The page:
Hotelier Adrien Gloaguen set his sights on netting the more stylish species of Eurostar traveler with his 2012 transformation of what had been one of many banal establishments built in the 19th and 20th centuries to catch the flood of train arrivals at the Gare du Nord. Gloaguen signed on Dorothee Meilichzon, the thirtysomething designer behind the neighborhood’s vegan-friendly dining hot spot Café Pinson, to create a hybrid modern-retro hotel using repurposed Vuitton trunks, industrial ironwork, painted glass fonts, mid 20th-century Scandinavian furniture, wallpaper hand-painted with storks or birds of paradise, cleverly placed mirrors, and floating marble desks.
The rooms may feel small by American standards, but the large lobby doubles as a convivial workspace and library. Two metro stops are within a five-minute walk, and the Palais Garnier and Grand Boulevards department stores (such as Galeries Lafayette) are 20 minutes away on foot.
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St-Denis’s immigrant and working-class origins are present in the still-functioning tannery and tailoring industry wholesalers that are rapidly being replaced by trendy bars, concept stores, and organic grocers. The hotel sits on a gentrified stretch of the Rue des Petites Écuries, where young chefs have opened wine bars and bistros such as Richer (2 Rue de Richer). A few doors down, Lieu 37 (37 Rue des Petites Écuries) offers pop-up space for monthly artist, fashion, and culinary exhibitions. Fashion addicts go to Les Voltigeuses (45 Rue des Petites Écuries) for small-label pieces curated by the owners, two cousins. Among the neighborhood's many inexpensive ethnic eateries, Asian street food concept bar W for Wok (12 Rue des Petites Écuries) serves the city’s first ramen burger. Nightlife Rex Club (5 Boulevard Poissoniere) pulls in techno dancehounds.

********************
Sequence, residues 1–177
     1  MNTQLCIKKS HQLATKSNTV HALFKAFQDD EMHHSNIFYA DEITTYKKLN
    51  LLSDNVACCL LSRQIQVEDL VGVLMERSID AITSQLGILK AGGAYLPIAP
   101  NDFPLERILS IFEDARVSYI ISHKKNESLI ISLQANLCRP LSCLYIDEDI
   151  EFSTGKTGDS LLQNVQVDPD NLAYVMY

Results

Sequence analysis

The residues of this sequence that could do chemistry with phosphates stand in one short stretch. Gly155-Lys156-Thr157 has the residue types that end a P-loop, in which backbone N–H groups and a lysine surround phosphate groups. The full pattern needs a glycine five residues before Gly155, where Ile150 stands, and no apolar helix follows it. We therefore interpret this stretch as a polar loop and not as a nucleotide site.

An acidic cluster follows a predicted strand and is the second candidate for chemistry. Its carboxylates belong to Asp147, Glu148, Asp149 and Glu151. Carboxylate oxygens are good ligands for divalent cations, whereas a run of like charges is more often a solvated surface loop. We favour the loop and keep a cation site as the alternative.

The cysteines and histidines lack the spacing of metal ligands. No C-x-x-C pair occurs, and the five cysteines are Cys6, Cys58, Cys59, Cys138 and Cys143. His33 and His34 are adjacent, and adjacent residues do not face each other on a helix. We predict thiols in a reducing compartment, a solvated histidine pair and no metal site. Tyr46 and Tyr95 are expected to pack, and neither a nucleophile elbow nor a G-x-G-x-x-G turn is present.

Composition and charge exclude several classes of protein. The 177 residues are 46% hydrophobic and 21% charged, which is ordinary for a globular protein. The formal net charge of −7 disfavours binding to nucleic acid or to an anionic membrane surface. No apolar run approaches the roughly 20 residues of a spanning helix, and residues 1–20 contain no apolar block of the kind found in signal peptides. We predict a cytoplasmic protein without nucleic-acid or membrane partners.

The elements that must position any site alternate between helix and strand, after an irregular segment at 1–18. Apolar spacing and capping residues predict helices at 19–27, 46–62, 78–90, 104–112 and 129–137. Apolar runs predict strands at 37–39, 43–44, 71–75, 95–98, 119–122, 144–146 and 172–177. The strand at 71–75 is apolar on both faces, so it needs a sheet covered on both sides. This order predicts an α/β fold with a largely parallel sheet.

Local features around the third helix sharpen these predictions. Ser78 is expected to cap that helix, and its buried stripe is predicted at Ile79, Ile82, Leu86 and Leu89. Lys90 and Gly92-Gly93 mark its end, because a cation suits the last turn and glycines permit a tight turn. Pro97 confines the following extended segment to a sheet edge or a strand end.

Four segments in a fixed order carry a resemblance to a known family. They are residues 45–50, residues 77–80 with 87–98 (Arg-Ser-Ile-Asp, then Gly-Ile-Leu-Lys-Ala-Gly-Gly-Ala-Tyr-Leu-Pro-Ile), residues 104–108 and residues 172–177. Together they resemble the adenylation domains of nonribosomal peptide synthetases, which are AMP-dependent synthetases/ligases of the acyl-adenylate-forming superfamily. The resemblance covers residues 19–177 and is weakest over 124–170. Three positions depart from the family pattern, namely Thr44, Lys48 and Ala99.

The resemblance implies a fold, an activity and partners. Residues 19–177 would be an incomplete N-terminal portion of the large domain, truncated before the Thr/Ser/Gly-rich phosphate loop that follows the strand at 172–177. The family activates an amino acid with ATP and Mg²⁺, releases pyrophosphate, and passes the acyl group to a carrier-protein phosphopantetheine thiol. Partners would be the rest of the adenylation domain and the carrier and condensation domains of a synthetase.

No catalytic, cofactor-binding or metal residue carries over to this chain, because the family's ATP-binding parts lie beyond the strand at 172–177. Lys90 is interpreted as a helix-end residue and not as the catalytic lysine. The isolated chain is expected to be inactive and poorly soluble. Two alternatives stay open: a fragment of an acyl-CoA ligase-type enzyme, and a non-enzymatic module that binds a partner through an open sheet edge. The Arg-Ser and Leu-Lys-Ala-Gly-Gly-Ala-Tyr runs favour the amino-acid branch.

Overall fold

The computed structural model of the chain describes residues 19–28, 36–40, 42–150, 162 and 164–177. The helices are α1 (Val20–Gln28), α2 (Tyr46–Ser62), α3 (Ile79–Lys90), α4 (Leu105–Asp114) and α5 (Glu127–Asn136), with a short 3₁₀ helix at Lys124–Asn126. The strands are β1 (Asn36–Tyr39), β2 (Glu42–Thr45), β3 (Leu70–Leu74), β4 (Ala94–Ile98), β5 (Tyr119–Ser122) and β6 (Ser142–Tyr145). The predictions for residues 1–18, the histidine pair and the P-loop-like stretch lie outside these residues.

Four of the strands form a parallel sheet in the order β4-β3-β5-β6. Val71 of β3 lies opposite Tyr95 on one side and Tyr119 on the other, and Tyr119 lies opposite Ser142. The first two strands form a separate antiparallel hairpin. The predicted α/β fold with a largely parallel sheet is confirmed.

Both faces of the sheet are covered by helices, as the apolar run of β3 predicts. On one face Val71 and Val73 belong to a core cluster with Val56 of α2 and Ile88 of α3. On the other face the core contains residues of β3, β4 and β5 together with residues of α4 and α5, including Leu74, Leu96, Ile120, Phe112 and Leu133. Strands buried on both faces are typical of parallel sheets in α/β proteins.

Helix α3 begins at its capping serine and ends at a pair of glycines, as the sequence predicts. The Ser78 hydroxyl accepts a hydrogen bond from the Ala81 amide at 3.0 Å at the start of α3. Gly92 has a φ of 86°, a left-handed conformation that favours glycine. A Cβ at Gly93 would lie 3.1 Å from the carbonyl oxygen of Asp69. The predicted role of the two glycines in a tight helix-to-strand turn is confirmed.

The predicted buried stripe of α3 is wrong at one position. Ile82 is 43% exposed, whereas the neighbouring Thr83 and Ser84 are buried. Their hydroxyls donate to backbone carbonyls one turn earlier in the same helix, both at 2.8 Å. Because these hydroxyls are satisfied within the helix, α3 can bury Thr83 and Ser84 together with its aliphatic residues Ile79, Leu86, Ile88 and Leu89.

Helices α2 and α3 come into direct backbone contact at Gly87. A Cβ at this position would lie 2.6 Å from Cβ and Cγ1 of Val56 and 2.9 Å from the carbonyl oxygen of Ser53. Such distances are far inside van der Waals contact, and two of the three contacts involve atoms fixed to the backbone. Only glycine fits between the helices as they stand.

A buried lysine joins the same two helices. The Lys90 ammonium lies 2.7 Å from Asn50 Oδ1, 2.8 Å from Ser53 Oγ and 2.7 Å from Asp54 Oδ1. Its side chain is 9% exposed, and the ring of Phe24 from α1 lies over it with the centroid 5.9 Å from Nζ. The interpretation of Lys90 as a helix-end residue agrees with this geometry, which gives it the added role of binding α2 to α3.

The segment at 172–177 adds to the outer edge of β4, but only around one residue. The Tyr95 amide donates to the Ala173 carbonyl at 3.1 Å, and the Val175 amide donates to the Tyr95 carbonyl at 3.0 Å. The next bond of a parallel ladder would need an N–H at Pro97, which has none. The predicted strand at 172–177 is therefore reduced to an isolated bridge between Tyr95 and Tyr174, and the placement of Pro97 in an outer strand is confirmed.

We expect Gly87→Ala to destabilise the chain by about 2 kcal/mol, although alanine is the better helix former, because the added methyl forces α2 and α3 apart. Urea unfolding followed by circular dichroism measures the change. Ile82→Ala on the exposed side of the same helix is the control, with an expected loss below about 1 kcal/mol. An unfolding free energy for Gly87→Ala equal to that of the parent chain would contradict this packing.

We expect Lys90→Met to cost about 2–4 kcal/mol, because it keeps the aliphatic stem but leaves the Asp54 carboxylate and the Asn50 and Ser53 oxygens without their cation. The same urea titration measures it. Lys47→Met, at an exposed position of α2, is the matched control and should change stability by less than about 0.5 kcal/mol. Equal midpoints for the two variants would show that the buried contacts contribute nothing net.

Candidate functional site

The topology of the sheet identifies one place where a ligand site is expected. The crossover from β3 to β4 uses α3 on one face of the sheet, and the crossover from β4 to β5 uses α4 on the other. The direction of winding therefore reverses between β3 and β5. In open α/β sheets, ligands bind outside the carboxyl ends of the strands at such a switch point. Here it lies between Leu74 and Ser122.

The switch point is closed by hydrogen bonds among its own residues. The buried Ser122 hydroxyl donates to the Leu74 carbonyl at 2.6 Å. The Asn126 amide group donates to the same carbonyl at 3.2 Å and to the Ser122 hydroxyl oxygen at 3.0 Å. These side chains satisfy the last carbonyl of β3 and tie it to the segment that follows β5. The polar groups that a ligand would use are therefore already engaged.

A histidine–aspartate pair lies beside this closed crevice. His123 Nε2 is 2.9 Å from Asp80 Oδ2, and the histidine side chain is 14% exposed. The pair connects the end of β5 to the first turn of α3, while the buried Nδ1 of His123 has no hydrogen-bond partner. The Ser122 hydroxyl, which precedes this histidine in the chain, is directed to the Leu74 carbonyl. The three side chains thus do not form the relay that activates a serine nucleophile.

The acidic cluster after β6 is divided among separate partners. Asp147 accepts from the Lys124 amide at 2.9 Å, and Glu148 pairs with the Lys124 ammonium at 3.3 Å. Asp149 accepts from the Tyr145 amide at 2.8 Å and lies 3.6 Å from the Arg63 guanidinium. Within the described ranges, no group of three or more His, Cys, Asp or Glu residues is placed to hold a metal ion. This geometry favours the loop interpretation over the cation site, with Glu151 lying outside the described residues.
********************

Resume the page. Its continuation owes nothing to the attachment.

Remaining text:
Need to Know
Rooms: 38 rooms. From $110. Check-in: 3 p.m.; check-out: noon. Dining options: The hotel offers a Continental breakfast (€12), but there is no on-site restaurant and rooms have no minibars. Right around the corner are some of the city’s most eclectic restaurants, from the historic Brasserie Flo to modish organic wine bars and ethnic restaurants representing the pantheon of the Paris émigré community. Spa and gym details: There is no gym or spa. The hotel is near several Chinese medicine/massage joints.
Who’s it for: Savvy, design-inspired travelers arriving by train at the Gare du Nord. Our favorite rooms: The top-floor Suite Paradis has views over the rooftops to Montmartre. The building narrows as it rises, so the highest ceilings and largest windows are on the first floor. Take a room on a high floor facing the rear if you are bothered by street noise. Local bargain: Vivant Table, an elegant modern French bistro, offers a weekday lunch menu with the same dishes as dinner but half the price.